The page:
- Journal Article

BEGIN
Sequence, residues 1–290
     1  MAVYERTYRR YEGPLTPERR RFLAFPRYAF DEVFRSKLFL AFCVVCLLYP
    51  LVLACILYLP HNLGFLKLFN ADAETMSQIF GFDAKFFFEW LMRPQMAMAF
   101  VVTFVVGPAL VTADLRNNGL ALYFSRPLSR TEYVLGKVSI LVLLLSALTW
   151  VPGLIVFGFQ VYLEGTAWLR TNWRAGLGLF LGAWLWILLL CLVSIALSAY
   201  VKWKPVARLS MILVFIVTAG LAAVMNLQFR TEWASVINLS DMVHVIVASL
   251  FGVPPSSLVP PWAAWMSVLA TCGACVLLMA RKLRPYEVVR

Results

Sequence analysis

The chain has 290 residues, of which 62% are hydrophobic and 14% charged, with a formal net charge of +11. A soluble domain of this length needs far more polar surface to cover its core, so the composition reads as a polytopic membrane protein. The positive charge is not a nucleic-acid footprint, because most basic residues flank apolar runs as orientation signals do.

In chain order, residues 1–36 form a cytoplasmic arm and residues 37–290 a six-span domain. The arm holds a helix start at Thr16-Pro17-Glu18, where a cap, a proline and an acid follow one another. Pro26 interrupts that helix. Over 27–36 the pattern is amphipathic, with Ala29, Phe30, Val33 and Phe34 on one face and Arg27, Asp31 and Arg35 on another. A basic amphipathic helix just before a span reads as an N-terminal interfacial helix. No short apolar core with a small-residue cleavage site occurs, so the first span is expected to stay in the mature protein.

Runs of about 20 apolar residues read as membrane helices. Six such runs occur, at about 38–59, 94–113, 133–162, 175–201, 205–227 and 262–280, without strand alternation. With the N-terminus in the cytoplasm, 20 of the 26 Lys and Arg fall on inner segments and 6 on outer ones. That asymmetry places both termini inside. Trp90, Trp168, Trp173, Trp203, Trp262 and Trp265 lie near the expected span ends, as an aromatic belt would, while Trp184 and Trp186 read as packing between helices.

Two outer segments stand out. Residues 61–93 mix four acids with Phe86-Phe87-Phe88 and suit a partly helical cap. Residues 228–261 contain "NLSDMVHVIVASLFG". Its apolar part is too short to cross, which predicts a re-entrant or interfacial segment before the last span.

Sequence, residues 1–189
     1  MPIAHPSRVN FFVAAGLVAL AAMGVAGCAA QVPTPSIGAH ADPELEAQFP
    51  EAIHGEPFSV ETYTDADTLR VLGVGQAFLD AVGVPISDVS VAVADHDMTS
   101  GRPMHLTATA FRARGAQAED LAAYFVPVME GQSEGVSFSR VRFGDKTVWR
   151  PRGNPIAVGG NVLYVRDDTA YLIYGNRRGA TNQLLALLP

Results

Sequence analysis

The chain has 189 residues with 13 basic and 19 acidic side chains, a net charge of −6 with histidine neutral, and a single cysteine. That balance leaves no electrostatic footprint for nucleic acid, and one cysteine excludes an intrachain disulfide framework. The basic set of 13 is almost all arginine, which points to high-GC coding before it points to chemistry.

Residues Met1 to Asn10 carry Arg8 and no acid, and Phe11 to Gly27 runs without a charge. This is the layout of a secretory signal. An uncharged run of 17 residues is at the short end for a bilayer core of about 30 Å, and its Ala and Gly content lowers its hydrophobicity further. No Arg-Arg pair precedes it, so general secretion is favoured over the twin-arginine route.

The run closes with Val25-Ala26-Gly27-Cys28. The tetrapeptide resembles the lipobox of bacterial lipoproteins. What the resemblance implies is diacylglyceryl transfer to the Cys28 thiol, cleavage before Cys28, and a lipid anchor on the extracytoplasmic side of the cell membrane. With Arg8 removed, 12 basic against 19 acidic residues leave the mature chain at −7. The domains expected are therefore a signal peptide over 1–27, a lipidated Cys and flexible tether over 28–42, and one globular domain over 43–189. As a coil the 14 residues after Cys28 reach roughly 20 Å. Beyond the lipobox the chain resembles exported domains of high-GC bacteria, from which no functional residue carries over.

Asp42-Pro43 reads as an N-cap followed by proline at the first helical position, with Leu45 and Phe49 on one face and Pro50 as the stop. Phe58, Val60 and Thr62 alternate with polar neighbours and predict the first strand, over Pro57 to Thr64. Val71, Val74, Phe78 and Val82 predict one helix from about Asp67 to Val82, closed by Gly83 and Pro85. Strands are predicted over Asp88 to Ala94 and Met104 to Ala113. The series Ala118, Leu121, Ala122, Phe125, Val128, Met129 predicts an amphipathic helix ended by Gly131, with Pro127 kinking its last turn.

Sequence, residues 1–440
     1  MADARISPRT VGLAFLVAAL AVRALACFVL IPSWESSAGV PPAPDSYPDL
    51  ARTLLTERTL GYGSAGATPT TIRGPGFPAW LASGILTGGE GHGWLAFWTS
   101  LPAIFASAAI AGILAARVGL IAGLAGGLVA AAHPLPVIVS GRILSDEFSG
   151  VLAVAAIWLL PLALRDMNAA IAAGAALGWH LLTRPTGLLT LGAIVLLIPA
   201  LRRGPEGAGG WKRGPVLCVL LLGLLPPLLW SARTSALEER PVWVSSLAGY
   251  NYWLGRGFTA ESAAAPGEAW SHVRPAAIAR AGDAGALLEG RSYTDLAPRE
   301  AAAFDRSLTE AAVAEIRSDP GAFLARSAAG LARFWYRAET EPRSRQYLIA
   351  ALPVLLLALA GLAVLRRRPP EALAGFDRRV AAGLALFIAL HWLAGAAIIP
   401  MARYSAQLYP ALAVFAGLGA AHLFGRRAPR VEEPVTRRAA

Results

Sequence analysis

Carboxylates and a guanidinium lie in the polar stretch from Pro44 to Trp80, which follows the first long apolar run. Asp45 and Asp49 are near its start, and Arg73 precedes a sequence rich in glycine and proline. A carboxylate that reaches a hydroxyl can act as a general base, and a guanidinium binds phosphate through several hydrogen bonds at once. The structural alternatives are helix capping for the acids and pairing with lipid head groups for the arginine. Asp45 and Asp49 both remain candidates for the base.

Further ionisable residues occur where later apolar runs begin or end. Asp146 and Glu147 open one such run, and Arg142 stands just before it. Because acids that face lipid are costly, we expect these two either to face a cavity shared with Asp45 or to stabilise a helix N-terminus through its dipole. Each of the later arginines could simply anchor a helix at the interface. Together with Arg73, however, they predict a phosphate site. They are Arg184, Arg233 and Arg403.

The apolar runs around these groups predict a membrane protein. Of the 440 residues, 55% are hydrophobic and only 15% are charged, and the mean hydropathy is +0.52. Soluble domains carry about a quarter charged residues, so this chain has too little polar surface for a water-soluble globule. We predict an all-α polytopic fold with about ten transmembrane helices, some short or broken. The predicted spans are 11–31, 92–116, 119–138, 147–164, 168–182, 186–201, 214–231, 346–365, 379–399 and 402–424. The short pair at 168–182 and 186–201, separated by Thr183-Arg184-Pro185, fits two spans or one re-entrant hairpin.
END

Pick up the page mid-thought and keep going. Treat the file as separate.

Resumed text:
Abstract: Sub-Saharan Africa (SSA) is a global hot spot for aerosol emissions, which affect the regional climate and air quality. In this paper, we use ground-based observations to address the large uncertainties in the source-resolved emission estimation of carbonaceous aerosols. Ambient fine fraction aerosol was collected on filters at the high-altitude (2590 m a.s.l.) Rwanda Climate Observatory (RCO), a SSA background site, during the dry and wet seasons in 2014 and 2015. The concentrations of both the carbonaceous and inorganic ion components show a strong seasonal cycle, with highly elevated concentrations during the dry season. Source marker ratios, including carbon isotopes, show that the wet and dry seasons have distinct aerosol compositions. The dry season is characterized by elevated amounts of biomass burning products, which approach ∼95 % for carbonaceous aerosols. An isotopic mass-balance estimate shows that the amount of the carbonaceous aerosol stemming from savanna fires may increase from 0.2 µg m−3 in the wet season up to 10 µg m−3 during the dry season. Based on these results, we quantitatively show that savanna fire is the key modulator of the seasonal aerosol composition variability at the RCO.